Instead this is a kind of mystery, kind of comedy of manners taking place in a Natural History museum the night before a huge new opening. In this novel, several key figures circulate around the opening of a new exhibit that will introduce the world to the collected findings about an ancient civilization: Garamantia.

It has old burial vessels, pots, a strange hieroglyphi
Matt Williams
Jan 08, 2019 rated it really liked it  ·  review of another edition
The Golden Child is two novels for the price of one. You have the first novel, a scorching satire of bureaucracy and hierarchy, and the sort of toxic humanity that's the same today as it was when it was written in 1977. It's full of fun jokes, gallows humor, perfectly-captured exasperation, and is really quite well-written. Our protagonist, a hapless minor functionary at a museum exhibiting a King-Tut-inspired exhibition of archaeological finds from a fictional country, is subject to an almost p ...more
Aug 21, 2017 rated it really liked it
This book started off a bit slow for me but toward the middle and end the pace picked up significantly and I couldn't put it down. It is my 4th favorite of her novels that I've read. Not because the characters will be particularly memorable for me but because of the overall feeling I sustained while reading it: a sort of pervading bemusement mixed with concern for the put-upon protagonist, and, in the end, a huzzah for his success (of sorts). In the "About the Author" bit at the end of this book ...more
Jan 21, 2019 rated it really liked it
Interesting. I felt like the writer was trying to convey some of the fanfare and commercialism of the traveling museum exhibits, such as Tutankhamen. This book, explores through a small golden infant pharoahs and the treasures found in his tomb. When the museum exhibit is loaned to a British museum, murder ensues, and a young in-experienced museum clerk is sent on a mysterious mission to Russia.
It was an entertaining read, but also somewhat informational, because I had never really even though
Jul 10, 2017 rated it really liked it
The plot revolves around (and around) a museum that has on exhibit a long dead royal child and all of his grave goods. The boy's tomb was discovered years earlier and has been in the Garamantian museum ever since. As the story begins it is on loan to a museum that is suspiciously similar to the British Museum in London.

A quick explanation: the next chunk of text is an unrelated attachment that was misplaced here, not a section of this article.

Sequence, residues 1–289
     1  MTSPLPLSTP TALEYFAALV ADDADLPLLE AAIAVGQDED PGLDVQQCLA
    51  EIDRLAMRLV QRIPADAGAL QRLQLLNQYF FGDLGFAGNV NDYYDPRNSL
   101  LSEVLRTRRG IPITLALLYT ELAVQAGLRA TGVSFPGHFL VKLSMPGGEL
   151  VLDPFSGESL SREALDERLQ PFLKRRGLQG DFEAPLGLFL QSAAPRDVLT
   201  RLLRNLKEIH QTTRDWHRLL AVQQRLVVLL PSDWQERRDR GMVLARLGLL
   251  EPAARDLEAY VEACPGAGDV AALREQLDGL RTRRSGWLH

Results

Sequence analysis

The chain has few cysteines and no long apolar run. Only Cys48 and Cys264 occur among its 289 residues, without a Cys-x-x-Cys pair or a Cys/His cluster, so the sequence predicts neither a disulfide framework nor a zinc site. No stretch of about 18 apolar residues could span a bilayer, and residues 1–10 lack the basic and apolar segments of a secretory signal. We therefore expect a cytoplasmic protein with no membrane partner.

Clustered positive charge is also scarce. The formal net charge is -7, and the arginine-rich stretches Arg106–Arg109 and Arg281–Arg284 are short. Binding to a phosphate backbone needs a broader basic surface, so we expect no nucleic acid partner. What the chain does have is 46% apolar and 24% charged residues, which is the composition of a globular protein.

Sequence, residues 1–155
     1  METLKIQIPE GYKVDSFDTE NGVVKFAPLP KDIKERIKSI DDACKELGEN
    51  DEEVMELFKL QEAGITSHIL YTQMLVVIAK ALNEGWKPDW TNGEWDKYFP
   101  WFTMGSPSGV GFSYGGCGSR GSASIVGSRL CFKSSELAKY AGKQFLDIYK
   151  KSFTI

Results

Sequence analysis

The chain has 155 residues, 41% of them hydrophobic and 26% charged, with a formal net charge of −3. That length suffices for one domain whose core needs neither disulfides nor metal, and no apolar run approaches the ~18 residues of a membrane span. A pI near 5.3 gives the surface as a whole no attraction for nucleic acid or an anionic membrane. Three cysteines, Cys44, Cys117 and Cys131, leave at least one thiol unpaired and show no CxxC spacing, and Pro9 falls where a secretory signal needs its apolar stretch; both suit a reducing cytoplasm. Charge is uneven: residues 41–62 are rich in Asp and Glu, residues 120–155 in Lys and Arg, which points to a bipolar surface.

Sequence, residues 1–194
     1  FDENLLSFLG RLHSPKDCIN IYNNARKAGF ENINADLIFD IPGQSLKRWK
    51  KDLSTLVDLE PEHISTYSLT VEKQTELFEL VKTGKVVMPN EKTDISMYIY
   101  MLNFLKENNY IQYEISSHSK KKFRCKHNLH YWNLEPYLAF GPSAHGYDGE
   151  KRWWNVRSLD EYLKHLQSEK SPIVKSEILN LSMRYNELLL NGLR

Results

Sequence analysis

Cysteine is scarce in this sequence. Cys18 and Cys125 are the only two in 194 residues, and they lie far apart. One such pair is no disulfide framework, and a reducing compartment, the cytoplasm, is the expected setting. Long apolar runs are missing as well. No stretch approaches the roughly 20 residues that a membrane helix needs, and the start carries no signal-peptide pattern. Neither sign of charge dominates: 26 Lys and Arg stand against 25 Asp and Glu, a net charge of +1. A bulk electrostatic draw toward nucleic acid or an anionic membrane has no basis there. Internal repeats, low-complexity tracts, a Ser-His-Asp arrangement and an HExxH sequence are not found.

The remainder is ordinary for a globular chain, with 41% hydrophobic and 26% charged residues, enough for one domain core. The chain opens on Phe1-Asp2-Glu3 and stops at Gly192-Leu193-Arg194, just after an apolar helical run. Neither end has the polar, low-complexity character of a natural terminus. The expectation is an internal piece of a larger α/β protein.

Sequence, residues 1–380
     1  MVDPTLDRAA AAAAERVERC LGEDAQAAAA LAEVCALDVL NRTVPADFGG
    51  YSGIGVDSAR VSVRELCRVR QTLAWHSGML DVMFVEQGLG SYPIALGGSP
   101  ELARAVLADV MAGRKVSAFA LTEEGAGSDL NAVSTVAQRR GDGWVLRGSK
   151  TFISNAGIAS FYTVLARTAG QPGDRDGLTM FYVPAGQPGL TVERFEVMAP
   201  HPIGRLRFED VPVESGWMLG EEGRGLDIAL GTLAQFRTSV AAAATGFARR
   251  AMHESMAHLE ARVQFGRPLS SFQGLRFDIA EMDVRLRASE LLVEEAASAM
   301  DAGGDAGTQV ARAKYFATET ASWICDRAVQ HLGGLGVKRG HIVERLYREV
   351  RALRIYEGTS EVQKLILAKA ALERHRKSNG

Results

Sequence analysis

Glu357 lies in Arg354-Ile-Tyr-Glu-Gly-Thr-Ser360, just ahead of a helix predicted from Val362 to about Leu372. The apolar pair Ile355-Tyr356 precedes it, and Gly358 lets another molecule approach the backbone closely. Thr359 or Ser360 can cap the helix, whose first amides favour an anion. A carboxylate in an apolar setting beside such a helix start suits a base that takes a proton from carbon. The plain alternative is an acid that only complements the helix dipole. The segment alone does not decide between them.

Waring Smith, a young employee, is the most likely hero. It is his adventures the reader tends to follow. Murder and deception are riff.

Written in the in the 1970s, TGC is a joyf
Jul 31, 2017 rated it really liked it
3.5 stars
Aug 23, 2017 rated it liked it  ·  review of another edition
Shelves: 2017, fiction
Well ... she got better. Will likely only appeal to the Fitzgerald completist.
Oct 28, 2016 rated it did not like it
too unrealistic
Dec 12, 2017 rated it really liked it
This is PF's first novel. As a debut, it's very impressive, especially the first 6 chapters, that is 85% of it. The last chapter, a 'commercially-geared' thrilling last act, is quite unbelieveable as a job of work done by her! after reading all the rest of her fiction (I'm mad aren't I, saving the first for last :). Just want to say I'm relieved that she abandoned this mainstream route. But it's on the whole a very good novel. One thinks it has inspired a certain Dan Brown, because, The Golden C ...more
Jan 25, 2014 rated it liked it
The International Solidarity of Queues!

.......I took the title of my review from one of the many wonderful phrases and sentences in this book! And I use it for two reasons - firstly I think it's just clever and so typical of the writing. Secondly, while this book is a real potpourri, one of its key messages is that we Brits really do queues brilliantly well!!!! It's one of our national talents - if only it was an Olympic event we'd be right up there among the medal contenders!

The queue in questi
Richard Moss
Apr 18, 2016 rated it really liked it  ·  review of another edition
Shelves: 2016
My latest foray with Fitzgerald was her first novel. Penelope Fitzgerald had to wait until she was almost 60 to see her first work of fiction published. What followed was a succession of works of genius which gathered awards and acclaim.

And although The Golden Child doesn't reach the heights of her later masterpieces, it does contain many of the qualities that make her so admired.

First, it's funny. More obviously and intentionally perhaps than later works, but her dry wit and ear for dialogue ar
Jun 29, 2014 rated it it was amazing  ·  review of another edition
A prestigious London museum is hosting an exhibition - 'the Golden Child'. There are long queues to view the exhibits which have caught the country's imagination. Waring Smith, an employee of the museum, has had a hand in planning the exhibition but he suddenly finds himself caught up in something which is completely beyond his powers of comprehension and which will involve him in physical danger.